The following discussion presents the Advanced Search Space in the abstract so that you have a theoretical foundation of how most interfaces to online academic databases function. The next section, Searching Techniques, gives specific examples of the principles listed below.
No. 1. The Advanced Search Space typically includes boxes to input search term(s) and the ability to specify which keyword index is searched. The search boxes are joined with the logical connectors such as AND or OR. These same logical connectors may be used within a search box to connect several terms.
No. 2. The Advanced Search Space typically includes the ability to apply pre-search limits to any search. This is the first auxilary work space and serves as a filter on type of material you wish to retrieve from your search. Certain types of limits are shared by most databases, but some limits are specific to a database and arise out of the nature of the materials being indexed.
No. 3. Executing a search at this point typically brings up a list of retrieved items below the Advanced Search Space. In addition most databases now show, or allow you to call up, post-search limits. The list of citations should be seen as an extension of the search space and the post-search limits represent our next auxiliary work space. These post-search options include both a repeat of the pre-search limits -- largely generic types of limits -- plus possible limits that are generated by the specific results retrieved.
Note that the post-search limits feed back into the original search. When you apply post-search limits to a results list, most databases re-execute your original search with the additional limits.
No. 3. Most databases allow you to see exactly which individual terms or phrases have been indexed. This is done by the important parallel search space known as the browse indexes. These are accessed via the Advanced Search Space in a variety of ways and are often labeled simply "indexes". They function by allowing you to search on a word within a specific index, find that word or something close to it in an alphabetical list of all the words actually indexed. You may then transfer the term to a search space within the browse index work space and either look for other terms to add to your search or you may execute your search. Once the search is executed, you are taken back to the Advanced Search Space where you see your search listed as well as a list of the results.
No. 4. Another type of parallel workspace in many databases are various lists of authorized headings, including standardized headings for subject, personal names, corporate names, or geographic places. If standardized subject headings are grouped in an hierarchical arrangement, that is, in arrangements where a given subject heading is listed with other heading that are considered broader, narrower, or related, then you have what is referred to as a thesaurus. These lists of standardized headings function very much like the browse indexes: they are a parallel work space where you gather terms or phrases, execute a search and then are taken back to the Advanced Search Space, where your search is list along with a results list.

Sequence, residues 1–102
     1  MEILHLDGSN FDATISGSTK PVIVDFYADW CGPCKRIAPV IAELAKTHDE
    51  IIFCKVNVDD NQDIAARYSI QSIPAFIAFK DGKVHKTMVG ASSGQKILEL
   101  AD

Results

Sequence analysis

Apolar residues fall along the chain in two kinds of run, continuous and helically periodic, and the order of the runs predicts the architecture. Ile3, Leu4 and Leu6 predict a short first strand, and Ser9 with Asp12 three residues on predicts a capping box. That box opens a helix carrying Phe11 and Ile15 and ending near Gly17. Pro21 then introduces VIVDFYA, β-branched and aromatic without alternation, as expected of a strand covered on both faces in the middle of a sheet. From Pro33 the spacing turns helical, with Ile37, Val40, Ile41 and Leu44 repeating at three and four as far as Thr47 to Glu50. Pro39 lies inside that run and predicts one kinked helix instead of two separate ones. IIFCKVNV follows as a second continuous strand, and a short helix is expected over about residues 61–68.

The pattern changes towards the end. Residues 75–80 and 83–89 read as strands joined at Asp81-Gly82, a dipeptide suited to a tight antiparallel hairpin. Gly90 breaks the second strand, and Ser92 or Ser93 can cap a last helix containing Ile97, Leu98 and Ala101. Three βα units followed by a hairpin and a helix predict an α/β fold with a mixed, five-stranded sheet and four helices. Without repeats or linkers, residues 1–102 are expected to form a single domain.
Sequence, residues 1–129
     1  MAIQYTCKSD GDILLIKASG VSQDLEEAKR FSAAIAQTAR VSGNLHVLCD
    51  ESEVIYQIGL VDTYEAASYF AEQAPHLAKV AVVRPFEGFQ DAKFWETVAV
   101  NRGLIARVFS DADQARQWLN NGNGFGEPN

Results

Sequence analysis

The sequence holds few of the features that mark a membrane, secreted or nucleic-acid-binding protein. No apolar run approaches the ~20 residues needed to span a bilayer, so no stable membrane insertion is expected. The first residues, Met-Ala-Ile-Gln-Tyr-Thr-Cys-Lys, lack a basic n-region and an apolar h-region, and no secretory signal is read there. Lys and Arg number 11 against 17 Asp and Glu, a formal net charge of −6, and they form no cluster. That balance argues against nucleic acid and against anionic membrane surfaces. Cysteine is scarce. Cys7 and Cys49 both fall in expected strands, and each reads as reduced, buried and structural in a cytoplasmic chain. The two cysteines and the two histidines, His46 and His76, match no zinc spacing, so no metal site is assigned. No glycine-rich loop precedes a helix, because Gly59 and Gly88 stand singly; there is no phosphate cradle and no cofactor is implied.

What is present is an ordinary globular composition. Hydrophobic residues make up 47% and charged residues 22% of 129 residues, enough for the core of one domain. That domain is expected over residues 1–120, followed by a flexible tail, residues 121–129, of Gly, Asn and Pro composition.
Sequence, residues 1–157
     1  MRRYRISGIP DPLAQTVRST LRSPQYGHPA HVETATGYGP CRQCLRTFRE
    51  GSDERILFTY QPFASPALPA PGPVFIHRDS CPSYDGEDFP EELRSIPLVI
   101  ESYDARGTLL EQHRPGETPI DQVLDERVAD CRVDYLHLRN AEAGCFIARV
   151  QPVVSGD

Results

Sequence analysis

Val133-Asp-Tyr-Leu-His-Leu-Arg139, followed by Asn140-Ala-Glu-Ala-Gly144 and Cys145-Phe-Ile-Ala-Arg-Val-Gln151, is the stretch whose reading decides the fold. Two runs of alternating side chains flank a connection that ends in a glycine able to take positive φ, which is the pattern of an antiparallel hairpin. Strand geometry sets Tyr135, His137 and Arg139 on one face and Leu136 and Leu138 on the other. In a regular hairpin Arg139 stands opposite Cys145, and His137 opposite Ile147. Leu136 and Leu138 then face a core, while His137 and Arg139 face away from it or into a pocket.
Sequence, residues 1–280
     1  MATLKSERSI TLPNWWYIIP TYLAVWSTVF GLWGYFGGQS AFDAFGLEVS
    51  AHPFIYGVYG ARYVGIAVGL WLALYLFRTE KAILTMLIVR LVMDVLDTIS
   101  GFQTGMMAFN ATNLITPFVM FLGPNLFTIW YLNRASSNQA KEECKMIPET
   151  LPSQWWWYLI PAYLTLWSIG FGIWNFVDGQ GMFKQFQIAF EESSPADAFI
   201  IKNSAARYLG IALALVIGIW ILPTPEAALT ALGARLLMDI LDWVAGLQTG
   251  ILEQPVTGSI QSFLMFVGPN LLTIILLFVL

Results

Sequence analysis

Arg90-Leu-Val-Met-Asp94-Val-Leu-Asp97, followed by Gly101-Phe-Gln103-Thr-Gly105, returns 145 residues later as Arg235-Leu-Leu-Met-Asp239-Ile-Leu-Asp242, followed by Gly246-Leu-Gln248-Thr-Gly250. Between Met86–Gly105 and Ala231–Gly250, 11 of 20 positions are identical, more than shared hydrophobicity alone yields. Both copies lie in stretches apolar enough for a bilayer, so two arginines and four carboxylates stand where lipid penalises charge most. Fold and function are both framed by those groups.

No. 5. Another auxilliary work space is Search History which is essentially an archive of your searches for your current session of work in a database. Search histories are not simply a convenience, but a parallel work space which is absolutely necessary for advanced searching in a database. Using a thesaurus without using search histories is almost pointless. The key aspect of the Search History work space is the ability to connect previous searches with logical connectors such as AND, OR, or NOT.
No. 6. Many databases allow for true parallel search spaces, spaces which are discrete searching areas which do not refer back to the Advanced Search Space. The most common is the Cited Reference search space. Cited Reference searches search through the bibliographies and footnotes of articles in the database to tell you who has been citing the work of a given author or a given work. Sometimes databases create subcollections related to the original database but exist as discrete collections. A commonly encountered one is for images. A database on the literature of film may have a collection of images of film personalities that is separate and discrete from the literature database.
No. 7. Altered Advanced Search Space. Most database providers provide more than one database as part of their product line. If they do they will often allow simultaneous multiple database searching. When this functionality is used, the Advanced Search Space is altered in significant ways. Typically many of the available keyword indexes disappear and only the most common remain. Database specific tools such as pre-search limits, browse indexes, and specialized indexes such as thesauri will appear multiple times -- one for each database that is being searched.
No. 8. A suite of specialized tools surround the Advanced Search Space in the same way that ones desk may have a dictionary or subject reference volumes close by. Among the most important are the Help screens. These provide help with the interface, the content and sometimes contextual help -- help specific to whatever you are doing at the moment. Some of these tools will always be accessible, such as a list of publications indexed by the database. And some will only appear when appropriate. These will typically include options for displaying or sorting a list of results and information about saving list of results, whether via email, as a download or to a social media site. Yet other tools will only display when a complete database record for one citations is displayed. These include a citation function which generates a citation in a format of your choice or a permanent URL function which displays the a permanent link to the database record you are viewing.